Capuano on Green Line: 'Take What We Can'
With funding for the project still a murky issue, the congressman wants the state to build as much as it can with the money it has now.
Rep. Michael Capuano, speaking to the Somerville Chamber of Commerce Tuesday morning, said, "I really need the people of Somerville to wake up" when it comes to the Green Line extension.
"Does anyone here think the Commonwealth of Massachusetts has an extra billion dollars [lying around] in the bottom drawer?"
Capuano, who sits on the Committee on Transportation and Infrastructure in Congress, said, "How much money do they have [to build the extension]? We don't know yet."
He said Somerville should see how much money the state currently has for the project, "grab as much of that as we can and build as much of the Green Line as we can."
Where's the money?
Capuano was reiterating a position he presented to the Somerville Board of Aldermen in December and then explained further in an op-ed piece sent to Somerville Patch and other Somerville media outlets.
The state should spend whatever money it has extending the Green Line as far into Somerville as possible, and it should do so now, he said.
Tom Bent, who serves as Somerville's representative on the Boston Region Metropolitan Planning Organization, which makes decisions about federal transportation priorities in the area, said the organization has programmed about $490 million for the project into the Transportation Improvement Program, known as the TIP.
Capuano cautioned, "The TIP says you have this money, kind of." It's more of a promise than money in the bank, he said.
The Green Line extension is projected to cost about $1 billion, but "if they have $200 million, and you say they have to build the whole thing, they're going to walk away," Capuano said.
Get it done while Patrick is in office
At the current rate of construction, by the time Gov. Deval Patrick leaves office, the state will have fixed two bridges, one of which is in Medford, Capuano said, referring to work on the Medford Street rail bridge and the Harvard Street rail bridge in Medford.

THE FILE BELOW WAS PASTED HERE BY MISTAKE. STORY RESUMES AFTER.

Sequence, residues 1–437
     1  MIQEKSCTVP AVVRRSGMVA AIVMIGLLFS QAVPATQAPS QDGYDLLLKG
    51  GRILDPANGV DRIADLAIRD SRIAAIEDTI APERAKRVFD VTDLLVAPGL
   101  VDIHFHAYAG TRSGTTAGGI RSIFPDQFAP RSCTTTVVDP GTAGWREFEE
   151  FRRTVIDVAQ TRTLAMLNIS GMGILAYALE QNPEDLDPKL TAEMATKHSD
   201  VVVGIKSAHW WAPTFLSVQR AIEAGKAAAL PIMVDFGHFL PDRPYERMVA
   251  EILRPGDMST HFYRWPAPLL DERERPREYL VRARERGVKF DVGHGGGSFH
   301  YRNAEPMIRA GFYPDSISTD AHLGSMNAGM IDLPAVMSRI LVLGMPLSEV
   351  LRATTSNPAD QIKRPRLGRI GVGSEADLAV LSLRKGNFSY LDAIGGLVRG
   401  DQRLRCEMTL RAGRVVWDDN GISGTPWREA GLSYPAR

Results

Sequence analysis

"Don't look me in the face and tell me that's part of the Green Line," he said.
Patrick leaves office at the beginning of 2015 and the new governor could have different priorities, the congressman said. "Anyone here tell me who the next governor's going to be? Because I don't know."
He said it will be easier to convince future administrations to continue building the Green Line extension if part of it is already built.
"Take what we can, one step at a time," Capuano said. He added, "I'm interested in getting the damn thing built and actually servicing our people."
What about the legal mandate to build the Green Line extension?
The state is legally required to build the Green Line extension as part of a legal agreement designed to mitigate the impact of the Central Artery project, known as the Big Dig.
"The court order in my opinion has never had any teeth," Capuano said. That's in part because the penalty for Massachusetts, if it doesn't build the project, is a cut-off of federal transportation dollars to the state. That's not something anyone in the state wants.
Curtatone on same page
Somerville Mayor Joseph Curtatone, who attended the Chamber of Commerce talk, said he was on the same page as the congressman when it comes to the Green Line extension.
"We're all saying, we have to get as far down the line as possible," the mayor said. "Get into Union Square as soon as possible."
"I agree … we want to service the greatest amount of people as possible," he said.
The mayor emphasized, "The Green Line will happen," and he said the first three stops—Lechmere, Washington Street and Union Square—are scheduled to be done by 2016.